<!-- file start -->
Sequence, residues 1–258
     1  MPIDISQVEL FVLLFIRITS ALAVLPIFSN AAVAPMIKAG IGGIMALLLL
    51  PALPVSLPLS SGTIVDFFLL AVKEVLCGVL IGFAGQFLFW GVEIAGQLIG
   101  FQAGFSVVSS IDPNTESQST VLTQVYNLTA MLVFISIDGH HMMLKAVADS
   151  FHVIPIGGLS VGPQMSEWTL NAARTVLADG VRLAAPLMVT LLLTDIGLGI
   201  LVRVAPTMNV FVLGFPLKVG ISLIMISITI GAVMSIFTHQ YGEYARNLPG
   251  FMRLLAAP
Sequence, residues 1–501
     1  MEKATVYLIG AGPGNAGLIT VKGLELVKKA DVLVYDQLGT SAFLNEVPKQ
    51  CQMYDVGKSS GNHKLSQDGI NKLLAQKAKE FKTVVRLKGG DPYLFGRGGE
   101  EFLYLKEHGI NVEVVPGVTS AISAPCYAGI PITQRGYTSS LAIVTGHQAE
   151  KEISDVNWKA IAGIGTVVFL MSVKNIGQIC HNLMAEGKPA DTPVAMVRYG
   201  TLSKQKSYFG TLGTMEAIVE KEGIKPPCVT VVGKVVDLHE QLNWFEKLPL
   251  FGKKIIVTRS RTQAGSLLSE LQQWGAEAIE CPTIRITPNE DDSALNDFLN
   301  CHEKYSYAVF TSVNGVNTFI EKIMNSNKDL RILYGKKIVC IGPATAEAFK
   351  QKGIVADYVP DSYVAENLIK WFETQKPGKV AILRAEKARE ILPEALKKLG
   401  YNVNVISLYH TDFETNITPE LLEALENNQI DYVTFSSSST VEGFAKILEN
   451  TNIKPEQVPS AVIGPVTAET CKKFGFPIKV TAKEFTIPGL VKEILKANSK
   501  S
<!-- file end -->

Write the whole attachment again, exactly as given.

Sequence, residues 1–258
     1  MPIDISQVEL FVLLFIRITS ALAVLPIFSN AAVAPMIKAG IGGIMALLLL
    51  PALPVSLPLS SGTIVDFFLL AVKEVLCGVL IGFAGQFLFW GVEIAGQLIG
   101  FQAGFSVVSS IDPNTESQST VLTQVYNLTA MLVFISIDGH HMMLKAVADS
   151  FHVIPIGGLS VGPQMSEWTL NAARTVLADG VRLAAPLMVT LLLTDIGLGI
   201  LVRVAPTMNV FVLGFPLKVG ISLIMISITI GAVMSIFTHQ YGEYARNLPG
   251  FMRLLAAP
Sequence, residues 1–501
     1  MEKATVYLIG AGPGNAGLIT VKGLELVKKA DVLVYDQLGT SAFLNEVPKQ
    51  CQMYDVGKSS GNHKLSQDGI NKLLAQKAKE FKTVVRLKGG DPYLFGRGGE
   101  EFLYLKEHGI NVEVVPGVTS AISAPCYAGI PITQRGYTSS LAIVTGHQAE
   151  KEISDVNWKA IAGIGTVVFL MSVKNIGQIC HNLMAEGKPA DTPVAMVRYG
   201  TLSKQKSYFG TLGTMEAIVE KEGIKPPCVT VVGKVVDLHE QLNWFEKLPL
   251  FGKKIIVTRS RTQAGSLLSE LQQWGAEAIE CPTIRITPNE DDSALNDFLN
   301  CHEKYSYAVF TSVNGVNTFI EKIMNSNKDL RILYGKKIVC IGPATAEAFK
   351  QKGIVADYVP DSYVAENLIK WFETQKPGKV AILRAEKARE ILPEALKKLG
   401  YNVNVISLYH TDFETNITPE LLEALENNQI DYVTFSSSST VEGFAKILEN
   451  TNIKPEQVPS AVIGPVTAET CKKFGFPIKV TAKEFTIPGL VKEILKANSK
   501  S